Thursday, January 5, 2006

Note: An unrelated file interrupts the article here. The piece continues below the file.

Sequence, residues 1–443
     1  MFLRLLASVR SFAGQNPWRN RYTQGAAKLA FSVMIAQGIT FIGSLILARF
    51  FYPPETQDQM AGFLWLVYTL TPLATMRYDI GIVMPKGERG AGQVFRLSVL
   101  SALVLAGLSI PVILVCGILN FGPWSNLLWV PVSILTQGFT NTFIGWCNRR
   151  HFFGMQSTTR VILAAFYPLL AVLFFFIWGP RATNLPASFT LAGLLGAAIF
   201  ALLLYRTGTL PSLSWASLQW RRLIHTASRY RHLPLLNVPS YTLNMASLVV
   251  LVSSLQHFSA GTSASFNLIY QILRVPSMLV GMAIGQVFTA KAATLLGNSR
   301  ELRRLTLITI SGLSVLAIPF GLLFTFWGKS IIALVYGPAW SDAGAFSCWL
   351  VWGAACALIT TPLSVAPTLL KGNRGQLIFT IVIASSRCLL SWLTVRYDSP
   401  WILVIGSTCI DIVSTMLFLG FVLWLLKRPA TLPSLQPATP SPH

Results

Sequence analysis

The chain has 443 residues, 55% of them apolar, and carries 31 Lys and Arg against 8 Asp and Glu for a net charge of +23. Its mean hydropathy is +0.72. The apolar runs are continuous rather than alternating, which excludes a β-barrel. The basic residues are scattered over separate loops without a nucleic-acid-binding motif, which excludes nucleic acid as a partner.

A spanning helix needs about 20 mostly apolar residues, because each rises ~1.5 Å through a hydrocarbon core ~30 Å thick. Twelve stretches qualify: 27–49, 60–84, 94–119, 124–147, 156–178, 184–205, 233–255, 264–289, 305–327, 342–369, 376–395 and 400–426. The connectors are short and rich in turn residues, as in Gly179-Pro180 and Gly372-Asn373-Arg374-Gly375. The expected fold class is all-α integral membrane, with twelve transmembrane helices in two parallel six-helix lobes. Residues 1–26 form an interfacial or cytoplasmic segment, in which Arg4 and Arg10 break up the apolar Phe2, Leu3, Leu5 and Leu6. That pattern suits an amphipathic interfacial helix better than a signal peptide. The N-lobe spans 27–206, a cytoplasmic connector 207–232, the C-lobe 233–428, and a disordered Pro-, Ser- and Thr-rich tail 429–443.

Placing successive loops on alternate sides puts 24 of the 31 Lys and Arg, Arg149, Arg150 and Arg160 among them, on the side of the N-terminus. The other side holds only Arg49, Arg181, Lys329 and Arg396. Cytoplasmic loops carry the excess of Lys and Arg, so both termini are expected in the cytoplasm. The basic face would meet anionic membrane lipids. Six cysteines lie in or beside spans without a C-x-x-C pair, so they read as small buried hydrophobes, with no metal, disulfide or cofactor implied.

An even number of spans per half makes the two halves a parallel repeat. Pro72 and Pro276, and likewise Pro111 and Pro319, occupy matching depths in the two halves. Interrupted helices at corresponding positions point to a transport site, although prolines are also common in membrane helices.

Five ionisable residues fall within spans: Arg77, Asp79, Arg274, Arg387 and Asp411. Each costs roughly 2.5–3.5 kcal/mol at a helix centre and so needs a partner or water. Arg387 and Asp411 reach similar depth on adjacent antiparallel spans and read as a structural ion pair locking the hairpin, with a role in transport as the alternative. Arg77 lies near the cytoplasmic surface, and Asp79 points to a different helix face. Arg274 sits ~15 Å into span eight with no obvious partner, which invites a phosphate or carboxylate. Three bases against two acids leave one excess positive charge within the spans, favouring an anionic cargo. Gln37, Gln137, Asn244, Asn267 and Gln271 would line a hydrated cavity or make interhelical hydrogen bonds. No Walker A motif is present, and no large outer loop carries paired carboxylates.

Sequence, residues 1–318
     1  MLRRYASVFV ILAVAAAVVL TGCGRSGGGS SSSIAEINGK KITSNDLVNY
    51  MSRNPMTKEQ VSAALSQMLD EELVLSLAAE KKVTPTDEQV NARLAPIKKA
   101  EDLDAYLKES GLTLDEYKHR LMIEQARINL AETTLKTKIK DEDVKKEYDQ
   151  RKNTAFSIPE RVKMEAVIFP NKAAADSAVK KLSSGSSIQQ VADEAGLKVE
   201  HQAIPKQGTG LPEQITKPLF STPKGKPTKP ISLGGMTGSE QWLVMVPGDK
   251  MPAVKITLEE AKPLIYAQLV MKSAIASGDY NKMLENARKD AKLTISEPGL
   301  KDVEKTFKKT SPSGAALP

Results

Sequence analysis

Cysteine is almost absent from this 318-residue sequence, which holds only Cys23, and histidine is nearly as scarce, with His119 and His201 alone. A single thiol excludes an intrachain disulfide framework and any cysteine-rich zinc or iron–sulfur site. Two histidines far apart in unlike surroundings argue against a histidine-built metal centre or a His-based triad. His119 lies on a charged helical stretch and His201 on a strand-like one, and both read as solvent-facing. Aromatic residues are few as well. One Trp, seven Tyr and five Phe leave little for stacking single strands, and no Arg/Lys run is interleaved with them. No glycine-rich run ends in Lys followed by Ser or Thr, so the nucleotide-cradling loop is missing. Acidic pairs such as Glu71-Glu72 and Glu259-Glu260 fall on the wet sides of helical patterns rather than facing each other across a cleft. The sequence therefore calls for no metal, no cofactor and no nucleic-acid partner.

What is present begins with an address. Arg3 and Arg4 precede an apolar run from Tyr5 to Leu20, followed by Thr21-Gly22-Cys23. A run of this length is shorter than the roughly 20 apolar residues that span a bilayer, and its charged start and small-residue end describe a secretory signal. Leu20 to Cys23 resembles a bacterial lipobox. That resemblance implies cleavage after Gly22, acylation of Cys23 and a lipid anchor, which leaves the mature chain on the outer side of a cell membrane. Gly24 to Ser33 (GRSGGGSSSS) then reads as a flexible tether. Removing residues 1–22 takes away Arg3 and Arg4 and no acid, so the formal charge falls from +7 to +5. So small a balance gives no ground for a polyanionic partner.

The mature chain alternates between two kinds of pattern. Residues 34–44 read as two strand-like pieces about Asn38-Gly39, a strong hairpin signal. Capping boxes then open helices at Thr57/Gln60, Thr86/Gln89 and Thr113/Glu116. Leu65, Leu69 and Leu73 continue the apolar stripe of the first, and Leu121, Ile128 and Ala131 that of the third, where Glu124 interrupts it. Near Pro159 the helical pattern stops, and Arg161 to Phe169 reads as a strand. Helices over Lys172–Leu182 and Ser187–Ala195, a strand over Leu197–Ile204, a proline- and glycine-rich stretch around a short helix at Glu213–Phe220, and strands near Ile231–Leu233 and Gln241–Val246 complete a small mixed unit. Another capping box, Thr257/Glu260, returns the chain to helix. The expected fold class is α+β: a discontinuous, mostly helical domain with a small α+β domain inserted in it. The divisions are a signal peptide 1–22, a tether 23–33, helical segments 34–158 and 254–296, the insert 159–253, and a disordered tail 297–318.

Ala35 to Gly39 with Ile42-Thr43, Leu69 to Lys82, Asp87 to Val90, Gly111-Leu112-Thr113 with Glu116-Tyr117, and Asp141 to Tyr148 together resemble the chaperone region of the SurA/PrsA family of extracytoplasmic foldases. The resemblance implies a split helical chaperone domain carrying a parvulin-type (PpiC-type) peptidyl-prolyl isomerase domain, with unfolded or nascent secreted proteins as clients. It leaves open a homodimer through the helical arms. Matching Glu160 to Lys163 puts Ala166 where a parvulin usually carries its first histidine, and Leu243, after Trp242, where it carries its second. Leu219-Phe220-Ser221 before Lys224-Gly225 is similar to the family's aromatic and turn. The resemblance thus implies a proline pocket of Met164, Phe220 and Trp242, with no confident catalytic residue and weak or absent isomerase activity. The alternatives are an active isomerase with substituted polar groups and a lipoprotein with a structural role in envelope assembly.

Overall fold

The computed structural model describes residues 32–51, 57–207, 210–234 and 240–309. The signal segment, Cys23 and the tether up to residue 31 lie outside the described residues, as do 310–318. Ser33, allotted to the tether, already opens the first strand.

The Journal of General Internal Medicine has an intriguing article about predictors of the loss of decision making capacity in demented patients. To be clear, I did not find the article intriguing because of their findings of what predicted loss of decision making capacity; that was a lot of technical neuropsychiatric stuff that I don't understand. Instead, what was intriguing was that the study followed demented patients longitudinally (over 9 months) and assessed capacity over that time. The study looked at 53 elderly people who were in a study on decision making capacity & who, during screening for the study, were found to have dementia (it's unclear whether or not they had previously been diagnosed with dementia). These 53 had mild or moderate dementia--not severe. They assessed decisionality with some battery of neuropsych testing at baseline and then at 9 months. Initially 9% of the group lacked decision making capacity; after 9 months 26% did. This is interesting for what it says about the natural history of dementia, but also for how imperative early and comprehensive advanced care planning is for those with dementia, given how rather quickly decision making capacity was lost in this population.